Testing devices for COVID-19: Home testing devices

June 19, 2020

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To expedite the review of medical devices that could be used to treat or diagnose COVID-19, the Minister of Health approved an interim order for importing and selling medical devices. This interim order (IO), signed on March 18, 2020, is one of the fastest mechanisms available to address large-scale public health emergencies.

About near patient in vitro diagnostic devices

A near patient in vitro diagnostic device (IVDD) is used for:

Typically, these rapid test devices are simple to use and provide visual results within a short time period.

A near patient IVDD used for COVID-19 could include:

To be useful in reducing the spread of COVID-19, near patient IVDDs must produce accurate and reliable results. It is also critical that the test results be made available to health authorities so they can connect patients to medical care, and provide guidance to prevent transmission of additional infections.

Point-of-care testing

Health care professionals use near patient IVDDs at the point of care so they can provide immediate results to their patients. Doing so can enable timely treatment, assist in disease surveillance, prevent transmission events, or facilitate containment of infectious disease outbreaks.

Under the IO, manufacturers may seek authorization for these devices. You must ensure that performance claims are supported by studies carried out:

To date, Health Canada has authorized the sale and importation of COVID-19 tests only for use by health care professionals or trained operators.

Home testing

Home use (self-testing) of near patient IVDDs would make it possible for a greater number of people to be tested. This is especially important in areas where health care professionals are not readily accessible. However, without the guidance of a health care professional, there is a significant risk that a patient could:

It may also be impossible for health care agencies to collect home test results. This information is key to important public health decisions involving disease control during a pandemic.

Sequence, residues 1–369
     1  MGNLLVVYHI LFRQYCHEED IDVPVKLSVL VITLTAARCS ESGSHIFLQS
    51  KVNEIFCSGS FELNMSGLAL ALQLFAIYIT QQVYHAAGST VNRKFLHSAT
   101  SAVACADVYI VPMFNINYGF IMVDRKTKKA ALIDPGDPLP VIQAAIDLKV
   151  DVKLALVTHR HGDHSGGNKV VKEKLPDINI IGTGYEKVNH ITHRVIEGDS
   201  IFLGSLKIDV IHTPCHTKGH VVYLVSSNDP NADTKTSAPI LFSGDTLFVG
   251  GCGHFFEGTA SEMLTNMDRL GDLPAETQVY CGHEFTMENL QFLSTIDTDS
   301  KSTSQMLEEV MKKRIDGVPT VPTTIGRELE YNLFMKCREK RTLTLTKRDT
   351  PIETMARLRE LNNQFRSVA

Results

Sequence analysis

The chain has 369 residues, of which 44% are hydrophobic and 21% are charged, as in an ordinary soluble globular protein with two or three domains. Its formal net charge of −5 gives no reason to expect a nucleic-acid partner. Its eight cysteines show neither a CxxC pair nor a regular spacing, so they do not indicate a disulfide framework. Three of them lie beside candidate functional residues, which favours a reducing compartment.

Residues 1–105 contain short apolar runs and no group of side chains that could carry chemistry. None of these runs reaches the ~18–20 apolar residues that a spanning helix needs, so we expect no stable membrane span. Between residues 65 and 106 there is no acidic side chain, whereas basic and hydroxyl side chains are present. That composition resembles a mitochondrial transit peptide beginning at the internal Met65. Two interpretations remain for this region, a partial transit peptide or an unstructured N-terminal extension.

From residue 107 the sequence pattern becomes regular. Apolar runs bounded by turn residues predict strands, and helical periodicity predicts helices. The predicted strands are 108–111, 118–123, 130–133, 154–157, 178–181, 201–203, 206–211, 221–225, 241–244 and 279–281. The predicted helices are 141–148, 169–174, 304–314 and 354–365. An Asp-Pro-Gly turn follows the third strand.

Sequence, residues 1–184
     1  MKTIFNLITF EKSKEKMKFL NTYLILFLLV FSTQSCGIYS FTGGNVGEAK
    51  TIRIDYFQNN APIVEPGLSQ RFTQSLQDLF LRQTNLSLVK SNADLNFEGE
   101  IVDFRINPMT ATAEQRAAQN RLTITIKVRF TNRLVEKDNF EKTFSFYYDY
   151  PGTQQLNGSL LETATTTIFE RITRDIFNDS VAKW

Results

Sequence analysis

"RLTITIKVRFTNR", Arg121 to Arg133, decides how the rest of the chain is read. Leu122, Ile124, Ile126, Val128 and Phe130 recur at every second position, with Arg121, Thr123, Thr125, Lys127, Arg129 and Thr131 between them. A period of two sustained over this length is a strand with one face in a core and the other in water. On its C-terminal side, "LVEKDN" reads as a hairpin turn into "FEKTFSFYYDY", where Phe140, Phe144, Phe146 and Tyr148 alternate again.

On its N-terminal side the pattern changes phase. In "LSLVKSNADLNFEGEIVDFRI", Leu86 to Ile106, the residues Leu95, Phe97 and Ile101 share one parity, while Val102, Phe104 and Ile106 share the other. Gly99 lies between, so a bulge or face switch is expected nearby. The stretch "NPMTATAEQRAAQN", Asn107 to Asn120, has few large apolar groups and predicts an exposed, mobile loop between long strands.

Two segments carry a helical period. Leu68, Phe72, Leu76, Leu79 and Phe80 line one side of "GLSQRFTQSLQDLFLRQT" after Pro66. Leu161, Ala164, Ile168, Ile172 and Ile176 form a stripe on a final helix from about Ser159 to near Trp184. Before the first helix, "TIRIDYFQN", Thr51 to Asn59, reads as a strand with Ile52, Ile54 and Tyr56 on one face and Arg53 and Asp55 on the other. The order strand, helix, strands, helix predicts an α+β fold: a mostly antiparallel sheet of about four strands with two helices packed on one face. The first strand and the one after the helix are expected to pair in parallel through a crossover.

At this time, Health Canada does not consider that the benefits of using home test (self-testing) kits outweigh the risks. In accordance with section 5 of the IO, applications for authorization for these types of medical devices will be rejected without compelling new evidence to the contrary.

Recommendations by public health authorities on point-of-care testing

The Canadian Public Health Laboratory Network released a statement on point-of-care serology testing for COVID-19 in May 2020. It recommended that serology could be used to inform public health responses. However, near patient serological assays for SARS-CoV-2 should not be used for clinical testing in any capacity at this time.

The World Health Organization (WHO) recently provided advice on the use of point-of-care immunodiagnostic tests for COVID-19. The WHO recommended against using either antigen-detecting or antibody-detecting rapid diagnostic tests for clinical decision-making. It also suggested that new point-of-care immunodiagnostic tests should be used only in research settings. The WHO also noted the need to further validate these tests in appropriate populations and settings. It stated that the use of inadequate tests could hinder overall efforts to control the disease.

Manufacturers should be aware that these positions could limit the use of certain near patient IVDD devices for COVID-19, once authorized.

Contact us

Please direct any questions or comments about this notice to the following email address: hc.meddevices-instrumentsmed.sc@canada.ca.

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